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Reviews » DVD Video Reviews » Viva
Viva
Cult Epics // Unrated // February 24, 2009
List Price: $24.95 [Buy now and save at Amazon]
Review by Francis Rizzo III | posted February 24, 2009 | E-mail the Author
Buy from Amazon.com
C O N T E N T
V I D E O
A U D I O
E X T R A S
R E P L A Y
A D V I C E
Recommended
E - M A I L
this review to a friend
P R I N T
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In 10 Words or Less
Travel back to the glorious, sexy, silly '70s

Reviewer's Bias*
Loves: Anna Biller, Perfect craftsmanship
Likes: Parody, Explotation films
Dislikes: 70s fashion
Hates: Not being around to enjoy the '70s

The Movie
Bambi (Anna Biller) lives the life of your average suburban Los Angeles wife in the 1970s, working as a secretary, taking care of her husband Rick, keeping a fine house and drinking her spare time away. But under the influence of her independent, Playboy-reading, blonde-bombshell pal Sheila, she starts getting frustrated at the lack of attention from her business-focused hubby. Soon the two girls are on their own in a brand new world, wearing very little and chasing good times as Viva (Bambi) and Candy (Sheila.)

The world Bambi and her friend explore is not a kind one to her, as there's someone trying to take advantage of her at every turn, including neighbors, bosses, artists, casting agents and anyone else who catches a glance of her, starting with a madam who draws her in the moment she decides to be liberated. As a result, she's miserable more oft than not, as she gets sexually harassed, drugged, and raped, along with several more traditional seductions (and some less-so, like a oddball orgy.)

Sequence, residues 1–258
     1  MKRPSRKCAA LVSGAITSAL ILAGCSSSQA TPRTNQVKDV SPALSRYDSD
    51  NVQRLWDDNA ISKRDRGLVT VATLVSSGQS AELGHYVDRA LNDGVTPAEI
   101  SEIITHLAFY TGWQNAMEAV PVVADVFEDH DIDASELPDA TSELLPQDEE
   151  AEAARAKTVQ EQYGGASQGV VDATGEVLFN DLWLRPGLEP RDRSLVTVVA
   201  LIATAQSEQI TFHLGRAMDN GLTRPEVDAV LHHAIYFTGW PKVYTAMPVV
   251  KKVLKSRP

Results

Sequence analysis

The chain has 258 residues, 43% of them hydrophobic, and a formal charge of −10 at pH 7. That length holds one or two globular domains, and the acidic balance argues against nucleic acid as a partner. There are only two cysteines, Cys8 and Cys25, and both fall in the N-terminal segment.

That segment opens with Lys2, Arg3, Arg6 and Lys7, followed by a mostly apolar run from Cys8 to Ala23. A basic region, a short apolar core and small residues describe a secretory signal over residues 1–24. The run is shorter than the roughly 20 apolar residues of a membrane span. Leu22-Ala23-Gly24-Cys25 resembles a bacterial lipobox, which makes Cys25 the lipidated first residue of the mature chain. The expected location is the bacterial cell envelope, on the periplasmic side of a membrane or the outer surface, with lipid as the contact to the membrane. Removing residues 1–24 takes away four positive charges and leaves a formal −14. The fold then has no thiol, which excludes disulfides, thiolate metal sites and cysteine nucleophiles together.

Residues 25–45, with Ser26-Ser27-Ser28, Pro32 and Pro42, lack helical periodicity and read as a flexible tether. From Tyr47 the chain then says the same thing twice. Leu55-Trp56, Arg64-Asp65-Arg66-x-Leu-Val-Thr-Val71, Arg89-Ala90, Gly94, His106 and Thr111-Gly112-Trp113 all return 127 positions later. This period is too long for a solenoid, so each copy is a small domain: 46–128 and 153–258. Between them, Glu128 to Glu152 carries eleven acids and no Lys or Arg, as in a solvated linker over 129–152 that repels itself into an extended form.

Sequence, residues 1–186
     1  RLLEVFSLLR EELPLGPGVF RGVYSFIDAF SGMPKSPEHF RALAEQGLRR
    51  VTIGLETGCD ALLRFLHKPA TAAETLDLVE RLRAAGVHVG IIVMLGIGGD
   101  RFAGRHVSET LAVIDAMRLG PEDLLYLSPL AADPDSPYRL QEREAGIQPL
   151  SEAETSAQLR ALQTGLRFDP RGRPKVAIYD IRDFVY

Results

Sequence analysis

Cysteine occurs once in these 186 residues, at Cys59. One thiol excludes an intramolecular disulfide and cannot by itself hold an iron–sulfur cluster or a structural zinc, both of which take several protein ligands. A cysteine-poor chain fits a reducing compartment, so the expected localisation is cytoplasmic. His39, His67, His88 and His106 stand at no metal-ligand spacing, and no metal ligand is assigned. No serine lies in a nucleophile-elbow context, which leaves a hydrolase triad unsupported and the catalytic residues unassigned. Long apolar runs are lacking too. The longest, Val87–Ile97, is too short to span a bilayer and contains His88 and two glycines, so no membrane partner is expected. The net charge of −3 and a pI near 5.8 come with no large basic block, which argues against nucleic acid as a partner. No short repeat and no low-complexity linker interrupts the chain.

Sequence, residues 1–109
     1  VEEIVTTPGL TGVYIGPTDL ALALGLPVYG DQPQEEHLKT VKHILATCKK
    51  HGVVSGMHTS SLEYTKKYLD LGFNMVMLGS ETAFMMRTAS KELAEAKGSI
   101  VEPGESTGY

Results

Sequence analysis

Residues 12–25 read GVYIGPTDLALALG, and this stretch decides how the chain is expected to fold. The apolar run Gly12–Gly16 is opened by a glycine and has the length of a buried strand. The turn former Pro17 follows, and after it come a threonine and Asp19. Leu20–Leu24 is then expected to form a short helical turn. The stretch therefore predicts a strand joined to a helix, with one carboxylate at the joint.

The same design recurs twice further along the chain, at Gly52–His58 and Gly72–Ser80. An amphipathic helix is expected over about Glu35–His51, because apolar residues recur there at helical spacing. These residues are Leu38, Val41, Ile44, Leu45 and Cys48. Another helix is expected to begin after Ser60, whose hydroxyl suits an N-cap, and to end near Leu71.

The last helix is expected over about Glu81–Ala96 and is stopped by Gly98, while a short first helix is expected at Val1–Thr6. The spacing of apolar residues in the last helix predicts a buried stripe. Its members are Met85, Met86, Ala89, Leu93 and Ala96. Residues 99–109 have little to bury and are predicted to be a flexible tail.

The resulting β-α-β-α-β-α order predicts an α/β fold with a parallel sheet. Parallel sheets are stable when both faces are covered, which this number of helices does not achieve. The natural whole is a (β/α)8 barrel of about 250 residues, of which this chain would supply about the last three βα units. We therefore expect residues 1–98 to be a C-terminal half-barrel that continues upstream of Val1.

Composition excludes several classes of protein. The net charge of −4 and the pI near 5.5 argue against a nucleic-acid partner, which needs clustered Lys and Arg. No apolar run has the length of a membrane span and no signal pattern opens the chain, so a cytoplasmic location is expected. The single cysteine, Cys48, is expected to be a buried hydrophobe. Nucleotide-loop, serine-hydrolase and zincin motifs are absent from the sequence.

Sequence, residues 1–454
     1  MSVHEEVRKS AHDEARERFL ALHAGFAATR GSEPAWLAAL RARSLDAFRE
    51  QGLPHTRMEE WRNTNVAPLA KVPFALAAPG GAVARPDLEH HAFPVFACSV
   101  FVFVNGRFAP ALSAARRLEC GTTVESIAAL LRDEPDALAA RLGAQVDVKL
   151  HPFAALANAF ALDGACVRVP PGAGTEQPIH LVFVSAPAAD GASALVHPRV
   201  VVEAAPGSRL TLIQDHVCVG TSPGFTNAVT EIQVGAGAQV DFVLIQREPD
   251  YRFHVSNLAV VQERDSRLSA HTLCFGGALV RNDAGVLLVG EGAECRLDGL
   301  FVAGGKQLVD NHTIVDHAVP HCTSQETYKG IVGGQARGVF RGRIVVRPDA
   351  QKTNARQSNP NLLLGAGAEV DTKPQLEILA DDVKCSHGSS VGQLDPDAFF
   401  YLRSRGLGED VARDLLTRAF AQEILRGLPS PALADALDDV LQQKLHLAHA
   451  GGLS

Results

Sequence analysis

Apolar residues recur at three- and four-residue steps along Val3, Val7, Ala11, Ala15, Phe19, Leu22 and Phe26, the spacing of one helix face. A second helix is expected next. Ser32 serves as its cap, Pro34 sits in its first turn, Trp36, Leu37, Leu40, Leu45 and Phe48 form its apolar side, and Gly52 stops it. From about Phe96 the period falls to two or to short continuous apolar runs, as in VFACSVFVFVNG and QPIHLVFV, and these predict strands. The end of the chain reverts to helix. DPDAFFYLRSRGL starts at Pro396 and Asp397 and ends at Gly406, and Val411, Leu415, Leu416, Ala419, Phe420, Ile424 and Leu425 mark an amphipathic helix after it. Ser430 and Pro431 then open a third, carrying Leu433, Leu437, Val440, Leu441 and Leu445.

To be honest, the story in this movie isn't very interesting, floating from scene to scene without much in the way of plot progression, character development or transition between moments in Viva's new sexually-adventurous life. But that seems like the whole point, as the movie is an excellent tribute to the classic exploitation films of the 1970s, sporting a spot-on recreation of the look and tone of that era's movies, thanks mainly to Biller's vision. You could copy this to VHS, hand it to anyone and tell them it's an old movie from 1972, and they wouldn't question it. From the clothing to the sets to the props, music and lighting, it's basically a perfect re-creation.

That's especially true for Biller's performance, which is just incredible, from the look on her face (which is somewhere between a sneer and smelling something bad) to her delivery, which is so flat it's hilarious. Teaming her exotic looks and sexy body, she's the perfect sexploitation lead, wielding her heavily made up eyelids and arched eyebrows to make every line ridiculous. The rest of the cast is right in line with her in selling the time warp, be it the over-the-top mincing hairdresser or the nudist hippie. There's such a unified sense of purpose that everything, including the bizarre musical numbers and unusual animation sequence, comes together to overcome a general lack of compelling story to make a must-watch experience.